Case Description—An 11-month-old female dog was evaluated because of a 3- to 4-day history of stranguria and hematuria.
Clinical Findings—Rectal and vaginal examination and abdominal radiography revealed a large (4 × 2 cm), firm, ovoid object in the area of the pelvic inlet, between the vagina and colon.
Treatment and Outcome—Surgical exploration revealed an abscess and moderate amount of seropurulent fluid in the left caudal abdominal quadrant. A large urethrolith (3.7 × 2.0 × 1.5 cm) was evident in the proximal portion of the urethra. The urethrolith was associated with a 3 × 1-cm area of necrosis in the ventral aspect of the proximal portion of the urethra and a 3 × 3-cm area of necrosis in the area of the bladder trigone. The necrotic areas were débrided, and the defect was repaired with an axial pattern flap constructed from the rectus abdominis muscle. During a follow-up examination 2.5 years after surgery, the dog was clinically normal with no history of urinary incontinence. During rigid cystoscopy, the ure-thral mucosa appeared grossly normal, and there was no evidence of stricture.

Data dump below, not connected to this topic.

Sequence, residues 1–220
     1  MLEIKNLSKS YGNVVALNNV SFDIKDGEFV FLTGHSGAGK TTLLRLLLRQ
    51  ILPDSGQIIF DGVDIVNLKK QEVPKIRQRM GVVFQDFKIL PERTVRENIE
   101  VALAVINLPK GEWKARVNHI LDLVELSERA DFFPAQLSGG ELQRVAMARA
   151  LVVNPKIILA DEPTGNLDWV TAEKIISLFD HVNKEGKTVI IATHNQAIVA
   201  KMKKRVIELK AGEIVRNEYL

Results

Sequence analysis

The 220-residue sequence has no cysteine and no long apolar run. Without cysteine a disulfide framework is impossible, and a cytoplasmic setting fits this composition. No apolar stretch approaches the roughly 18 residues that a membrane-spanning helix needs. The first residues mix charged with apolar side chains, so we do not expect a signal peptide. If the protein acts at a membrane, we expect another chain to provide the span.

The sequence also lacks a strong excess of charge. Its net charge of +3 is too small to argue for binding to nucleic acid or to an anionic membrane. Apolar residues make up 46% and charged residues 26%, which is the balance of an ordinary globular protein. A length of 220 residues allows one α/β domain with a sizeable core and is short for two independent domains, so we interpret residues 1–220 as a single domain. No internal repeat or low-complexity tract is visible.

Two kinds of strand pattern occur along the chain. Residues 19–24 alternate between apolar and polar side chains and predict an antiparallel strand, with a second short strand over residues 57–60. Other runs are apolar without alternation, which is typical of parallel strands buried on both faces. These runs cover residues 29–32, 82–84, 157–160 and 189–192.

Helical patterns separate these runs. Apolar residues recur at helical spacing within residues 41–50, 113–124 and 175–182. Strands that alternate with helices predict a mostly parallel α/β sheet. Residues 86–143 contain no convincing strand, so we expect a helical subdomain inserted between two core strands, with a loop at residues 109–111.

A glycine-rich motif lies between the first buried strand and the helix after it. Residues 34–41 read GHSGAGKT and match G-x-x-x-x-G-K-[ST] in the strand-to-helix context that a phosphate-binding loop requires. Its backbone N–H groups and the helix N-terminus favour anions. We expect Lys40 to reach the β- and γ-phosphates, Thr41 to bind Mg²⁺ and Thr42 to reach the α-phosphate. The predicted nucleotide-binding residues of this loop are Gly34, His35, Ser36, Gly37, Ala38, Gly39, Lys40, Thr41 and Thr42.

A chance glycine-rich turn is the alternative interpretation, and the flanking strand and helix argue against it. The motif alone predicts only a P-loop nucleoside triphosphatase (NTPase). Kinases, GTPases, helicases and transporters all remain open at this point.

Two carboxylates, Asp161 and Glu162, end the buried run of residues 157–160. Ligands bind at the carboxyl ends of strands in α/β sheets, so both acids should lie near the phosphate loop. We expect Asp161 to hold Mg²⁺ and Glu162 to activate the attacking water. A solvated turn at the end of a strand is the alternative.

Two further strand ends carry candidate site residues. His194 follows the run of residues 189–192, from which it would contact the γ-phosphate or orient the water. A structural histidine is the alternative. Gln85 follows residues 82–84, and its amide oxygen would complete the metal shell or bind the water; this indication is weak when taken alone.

Clinical Relevance—Findings suggested that axial pattern flaps constructed from the rectus abdominis muscle flap may be useful in reconstructing large urinary bladder and urethral defects.
Objective—To identify risk factors for development of excessive tibial plateau angle (TPA) in large-breed dogs with cranial cruciate ligament disease (CCLD).
Animals—58 dogs with excessive TPAs (ie, TPA ≥ 35°; case dogs) and 58 dogs with normal TPAs (ie, TPA ≤ 30°; control dogs).
Procedures—Medical records and radiographs were reviewed and owners were interviewed to identify potential risk factors for excessive TPA.
Results—Case dogs were 3 times (95% confidence interval, 1.2 to 8.0) as likely to have been neutered before 6 months of age as were control dogs. Case dogs with TPA ≥ 35° in both limbs were 13.6 times (95% confidence interval, 2.72 to 68.1) as likely to have been neutered before 6 months of age as were control dogs with TPA ≤ 30° in both limbs. Case dogs were significantly younger at the onset of hind limb lameness than were control dogs.
Conclusions and Clinical Relevance—Results suggested that early neutering was a significant risk factor for development of excessive TPA in large-breed dogs with CCLD. Further research into the effects of early neutering on TPA and the pathophysiology of CCLD is warranted.